The former CBC personality's case became a catalyst for conversations around consent, power and misogyny across North America
The #MeToo movement didn’t fully gain steam until fall 2017, but the trial of Jian Ghomeshi was the first sign a reckoning was on the way.
In 2014, he was fired from the CBC and charged with four counts of sexual assault and one choking-related offence. The charges felt like a vindication, a signal that finally society and the criminal justice system would no longer turn a blind eye to sexual harm when it involved powerful men. So when Ghomeshi was acquitted of all charges in 2016, and Justice William Horkins’s verdict described the witnesses’ testimony as “outright deception,” the backlash was immediate, with hundreds of protesters assembled around the courthouse chanting, “We believe survivors.”
In a self-aggrandizing essay for the New York Review Of Books in 2018, Ghomeshi called himself a “#MeToo pioneer,” referring to the men whose downfalls came after: Harvey Weinstein, Kevin Spacey, Louis C.K., etc. He’s not a pioneer – the 28 brave women who came forward are – but he did inadvertently help usher in a new era where sexual assault victims take to social media to share their stories, realizing that they can’t count on the courts to make their abusers accountable. He inspired Robyn Doolittle’s Globe and Mail series Unfounded, about the widespread mishandling of sexual assault cases by Canadian police, and the hashtag #BeenRapedNeverReported, started by Canadian journalists Antonia Zerbisias and Sue Montgomery.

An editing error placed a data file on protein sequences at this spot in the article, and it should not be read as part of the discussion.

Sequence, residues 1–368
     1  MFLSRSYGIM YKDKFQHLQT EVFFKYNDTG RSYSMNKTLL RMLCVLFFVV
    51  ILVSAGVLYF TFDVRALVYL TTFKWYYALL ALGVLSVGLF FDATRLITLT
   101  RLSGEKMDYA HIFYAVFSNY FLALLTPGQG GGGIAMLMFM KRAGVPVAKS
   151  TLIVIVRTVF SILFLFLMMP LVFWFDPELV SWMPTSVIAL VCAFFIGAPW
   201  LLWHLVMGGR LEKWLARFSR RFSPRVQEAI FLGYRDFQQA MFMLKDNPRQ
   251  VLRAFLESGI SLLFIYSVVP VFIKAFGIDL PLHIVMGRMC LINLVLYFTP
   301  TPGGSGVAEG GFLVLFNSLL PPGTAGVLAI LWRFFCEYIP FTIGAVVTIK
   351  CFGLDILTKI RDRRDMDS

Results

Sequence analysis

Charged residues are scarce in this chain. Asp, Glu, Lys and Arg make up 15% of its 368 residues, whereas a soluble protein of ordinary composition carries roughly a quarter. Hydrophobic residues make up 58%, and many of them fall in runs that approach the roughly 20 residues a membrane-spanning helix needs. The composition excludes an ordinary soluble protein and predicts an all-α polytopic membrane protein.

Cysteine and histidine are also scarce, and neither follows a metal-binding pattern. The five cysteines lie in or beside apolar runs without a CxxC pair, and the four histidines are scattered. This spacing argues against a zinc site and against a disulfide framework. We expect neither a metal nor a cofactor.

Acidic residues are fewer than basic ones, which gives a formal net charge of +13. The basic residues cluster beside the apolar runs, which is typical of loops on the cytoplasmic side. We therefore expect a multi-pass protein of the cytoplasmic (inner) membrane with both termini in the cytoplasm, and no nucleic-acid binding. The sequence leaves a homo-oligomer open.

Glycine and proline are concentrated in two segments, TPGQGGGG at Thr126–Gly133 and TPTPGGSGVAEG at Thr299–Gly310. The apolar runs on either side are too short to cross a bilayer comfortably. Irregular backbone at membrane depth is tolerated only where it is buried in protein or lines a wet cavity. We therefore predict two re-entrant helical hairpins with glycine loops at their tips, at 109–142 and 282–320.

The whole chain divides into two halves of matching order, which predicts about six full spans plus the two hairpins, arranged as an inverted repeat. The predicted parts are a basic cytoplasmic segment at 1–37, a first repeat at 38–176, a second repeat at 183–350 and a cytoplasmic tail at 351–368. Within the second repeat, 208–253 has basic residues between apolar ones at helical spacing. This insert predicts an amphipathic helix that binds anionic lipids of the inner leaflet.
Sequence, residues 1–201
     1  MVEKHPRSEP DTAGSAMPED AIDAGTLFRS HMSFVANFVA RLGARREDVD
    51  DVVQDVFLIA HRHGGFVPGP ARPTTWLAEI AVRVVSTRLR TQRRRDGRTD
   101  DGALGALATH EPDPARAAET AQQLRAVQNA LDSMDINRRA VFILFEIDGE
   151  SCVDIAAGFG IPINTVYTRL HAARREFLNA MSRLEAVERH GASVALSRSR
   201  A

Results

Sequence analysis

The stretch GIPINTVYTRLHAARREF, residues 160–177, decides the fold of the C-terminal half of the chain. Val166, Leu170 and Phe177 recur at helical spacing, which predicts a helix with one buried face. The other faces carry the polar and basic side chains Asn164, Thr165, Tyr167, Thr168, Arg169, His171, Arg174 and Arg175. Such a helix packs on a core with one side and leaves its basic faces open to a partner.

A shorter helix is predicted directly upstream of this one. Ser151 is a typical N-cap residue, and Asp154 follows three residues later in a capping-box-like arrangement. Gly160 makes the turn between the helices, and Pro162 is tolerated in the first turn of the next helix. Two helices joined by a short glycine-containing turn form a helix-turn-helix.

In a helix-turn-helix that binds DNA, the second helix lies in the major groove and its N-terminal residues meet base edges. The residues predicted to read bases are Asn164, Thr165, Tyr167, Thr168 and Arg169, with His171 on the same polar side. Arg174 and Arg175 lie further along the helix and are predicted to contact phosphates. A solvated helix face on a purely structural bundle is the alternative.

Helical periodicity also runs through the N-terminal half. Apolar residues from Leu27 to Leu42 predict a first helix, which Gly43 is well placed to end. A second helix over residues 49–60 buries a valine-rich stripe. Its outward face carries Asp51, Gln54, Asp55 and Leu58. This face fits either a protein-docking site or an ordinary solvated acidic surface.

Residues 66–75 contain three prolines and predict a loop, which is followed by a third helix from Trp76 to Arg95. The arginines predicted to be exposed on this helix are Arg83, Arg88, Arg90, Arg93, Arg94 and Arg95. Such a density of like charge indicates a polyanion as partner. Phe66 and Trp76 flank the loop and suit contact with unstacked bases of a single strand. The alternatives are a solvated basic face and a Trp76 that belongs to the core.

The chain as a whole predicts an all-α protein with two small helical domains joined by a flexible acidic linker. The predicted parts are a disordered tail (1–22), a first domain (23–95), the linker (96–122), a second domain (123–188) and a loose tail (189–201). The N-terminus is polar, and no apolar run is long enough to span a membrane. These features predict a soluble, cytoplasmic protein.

But more importantly, his trial was a catalyst for conversations around consent, power and misogyny in Toronto and across North America.